Zanu PF is reportedly divided over the move to introduce bond notes as a
stop-gap measure to address the current cash crisis, with some
legislators expressing fears that the move could trigger hyper-inflation
and panicky cash withdrawals, as depositors fear a repeat of the 2008
Ruling party MPs and officials, who spoke to NewsDay this week, said the move was akin to addressing symptoms instead of the root cause of the cash shortages.
Parliamentary Portfolio Committee on Finance and Economic Development acting chairperson Terrence Mukupe, posting on his Facebook page, said: “We are addressing symptoms and not the root cause of our problems. We have a flight of the United States dollar out of our economy causing the cash shortages.”
Other Zanu PF MPs, who spoke on condition of anonymity, said it was hard to convince people to accept bond notes in view of the massive losses they suffered during the switch-over from the Zimdollar to the multi-currency system in 2009.
“We should have put in place measures to address capital flight way back and avoid reverting to bond notes because that is likely going to create chaos,” a Zanu PF MP, who requested anonymity fearing a backlash from the ruling party, said.
Another MP weighed in saying they would adopt a wait-and-see attitude, while also taking precaution on their savings.
“The way we operate in Zanu PF is that there is no room for divergent views. Although the bond notes are going to solve the immediate problem, they will, however, create a bigger problem and in no time the black market will be a thriving business,” he said.
“I think the matter should have been discussed at different levels in consultation with the people.”
Zanu PF activist and Harare provincial secretary for tourism Acie Lumumba said different sectors of the economy were likely to be affected.
“Imagine trying to explain to a tourist they must convert their US$ in exchange of bond notes – it’s a total mess,” he said.
“The Reserve Bank of Zimbabwe (RBZ) governor (John Mangudya) did the right thing to stop the bleeding and I feel for him, but the real problem is how we ended up here. Bond coins are a pain killer, but the real cancer is self-destructive management.”
But Zanu PF chief whip Lovemore Matuke said MPs and other ruling party officials who did not understand the policy measure should seek assistance from relevant authorities.
“We will try to engage the MPs on the matter and find common ground, (because) probably those who don’t appreciate that lack understanding,” he said.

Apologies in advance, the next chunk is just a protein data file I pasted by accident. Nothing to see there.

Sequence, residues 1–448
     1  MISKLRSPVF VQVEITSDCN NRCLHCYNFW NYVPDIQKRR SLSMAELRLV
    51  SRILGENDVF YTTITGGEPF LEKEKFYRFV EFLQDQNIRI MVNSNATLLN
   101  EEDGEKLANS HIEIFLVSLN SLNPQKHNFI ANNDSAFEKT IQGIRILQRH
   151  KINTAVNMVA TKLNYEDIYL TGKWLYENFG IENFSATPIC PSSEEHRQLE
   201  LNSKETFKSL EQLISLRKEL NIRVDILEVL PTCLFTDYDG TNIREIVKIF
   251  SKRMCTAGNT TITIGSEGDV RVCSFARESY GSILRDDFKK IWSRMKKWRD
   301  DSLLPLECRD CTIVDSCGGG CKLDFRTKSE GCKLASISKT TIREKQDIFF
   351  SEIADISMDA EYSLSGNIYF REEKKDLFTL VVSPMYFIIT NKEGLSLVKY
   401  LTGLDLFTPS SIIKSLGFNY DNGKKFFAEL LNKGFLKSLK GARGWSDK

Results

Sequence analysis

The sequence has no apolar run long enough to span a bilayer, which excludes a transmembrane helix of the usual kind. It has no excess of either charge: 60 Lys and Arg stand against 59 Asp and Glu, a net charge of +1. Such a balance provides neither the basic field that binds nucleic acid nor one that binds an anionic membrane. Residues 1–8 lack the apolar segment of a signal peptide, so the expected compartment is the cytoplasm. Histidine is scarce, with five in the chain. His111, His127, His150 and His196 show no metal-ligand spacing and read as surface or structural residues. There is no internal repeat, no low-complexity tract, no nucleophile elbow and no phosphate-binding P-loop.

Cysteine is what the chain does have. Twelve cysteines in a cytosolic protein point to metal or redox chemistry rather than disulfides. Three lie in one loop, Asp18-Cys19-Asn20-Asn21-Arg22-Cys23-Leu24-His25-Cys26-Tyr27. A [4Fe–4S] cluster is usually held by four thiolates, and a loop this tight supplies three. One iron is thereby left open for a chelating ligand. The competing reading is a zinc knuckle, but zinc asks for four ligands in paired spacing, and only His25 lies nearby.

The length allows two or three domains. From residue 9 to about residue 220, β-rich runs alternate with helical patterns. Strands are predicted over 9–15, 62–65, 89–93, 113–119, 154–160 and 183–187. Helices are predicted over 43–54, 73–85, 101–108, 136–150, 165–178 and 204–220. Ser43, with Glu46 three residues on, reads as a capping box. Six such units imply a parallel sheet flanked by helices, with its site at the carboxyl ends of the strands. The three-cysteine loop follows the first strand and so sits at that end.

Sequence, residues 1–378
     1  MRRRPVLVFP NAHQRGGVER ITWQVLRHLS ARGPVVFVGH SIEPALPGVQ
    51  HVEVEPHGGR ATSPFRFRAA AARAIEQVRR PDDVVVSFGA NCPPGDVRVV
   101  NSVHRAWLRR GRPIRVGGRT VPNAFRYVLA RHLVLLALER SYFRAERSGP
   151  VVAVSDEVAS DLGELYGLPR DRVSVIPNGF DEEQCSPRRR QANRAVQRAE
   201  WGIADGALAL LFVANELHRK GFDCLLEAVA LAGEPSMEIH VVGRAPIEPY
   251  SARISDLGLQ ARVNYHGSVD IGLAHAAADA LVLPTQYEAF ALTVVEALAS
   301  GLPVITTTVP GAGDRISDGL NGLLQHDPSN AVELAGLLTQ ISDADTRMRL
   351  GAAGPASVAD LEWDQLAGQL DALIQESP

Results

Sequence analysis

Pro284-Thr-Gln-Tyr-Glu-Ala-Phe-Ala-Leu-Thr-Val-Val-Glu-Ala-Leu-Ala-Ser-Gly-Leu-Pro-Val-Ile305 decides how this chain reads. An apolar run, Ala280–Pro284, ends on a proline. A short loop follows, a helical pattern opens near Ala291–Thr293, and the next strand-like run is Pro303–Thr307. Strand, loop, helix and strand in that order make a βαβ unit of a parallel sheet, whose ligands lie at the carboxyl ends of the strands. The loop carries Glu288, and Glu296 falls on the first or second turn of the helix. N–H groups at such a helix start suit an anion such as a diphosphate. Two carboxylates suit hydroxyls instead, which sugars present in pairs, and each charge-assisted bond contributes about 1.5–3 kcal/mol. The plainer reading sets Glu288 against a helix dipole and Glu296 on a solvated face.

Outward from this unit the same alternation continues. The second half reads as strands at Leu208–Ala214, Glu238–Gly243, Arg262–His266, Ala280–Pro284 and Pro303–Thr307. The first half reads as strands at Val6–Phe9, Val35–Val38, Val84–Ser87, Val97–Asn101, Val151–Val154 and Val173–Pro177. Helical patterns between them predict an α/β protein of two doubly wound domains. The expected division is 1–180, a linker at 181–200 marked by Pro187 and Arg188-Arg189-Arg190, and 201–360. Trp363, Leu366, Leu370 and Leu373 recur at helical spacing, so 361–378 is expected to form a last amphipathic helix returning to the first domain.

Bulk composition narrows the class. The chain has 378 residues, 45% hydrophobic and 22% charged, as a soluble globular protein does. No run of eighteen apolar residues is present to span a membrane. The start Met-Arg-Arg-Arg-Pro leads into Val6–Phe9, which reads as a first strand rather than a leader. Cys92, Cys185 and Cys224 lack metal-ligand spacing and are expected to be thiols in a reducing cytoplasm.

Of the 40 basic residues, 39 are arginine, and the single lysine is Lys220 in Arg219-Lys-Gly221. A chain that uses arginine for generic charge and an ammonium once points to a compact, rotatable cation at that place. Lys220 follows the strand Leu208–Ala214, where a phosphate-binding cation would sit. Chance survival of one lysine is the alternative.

Zanu PF secretary for finance Obert Mpofu was optimistic the bond notes would address the prevailing liquidity crisis.
“I know that whenever there is a policy change, there are sceptics who don’t believe the benefits that come with it,” he said.
“But let me assure the public that as Zanu PF, we have looked at this policy carefully and evaluated its benefits and non-benefits, if any. There is no governor of a county who would introduce such a policy which is against the public.”
While senior Zanu PF members were buoyant, informal sector representatives have threatened to mobilise their members to withdraw their money from banks and keep it elsewhere in protest.
But RBZ governor Mangudya told NewsDay that he had engaged banks to ensure that they tap into the unbanked money circulating within the informal sector.
“We are advocating for reasonable interest rates on their deposits, no bank charges and a guarantee for their deposits. This is aimed at instilling confidence and value to their money,” he said.
“The reason why most informal traders are not banking is about the benefits, which banks are no longer offering and we are working on that. Imagine you have $100 and you take it to a bank which when you demand it, they give you $90, that becomes a challenge for most traders.”
Mangudya said the apex bank was working on modalities to ensure the inclusion of the informal sector in the mainstream banking economy and for its members to access loans.
“We are attending to their concerns through the financial inclusion strategy. We are also putting in place a credit registry so that they can access loans from the banks easily,” he said.
Analysts said the government had a tall order in instilling confidence in the people that past challenges associated with the Zimdollar would not be repeated. newsday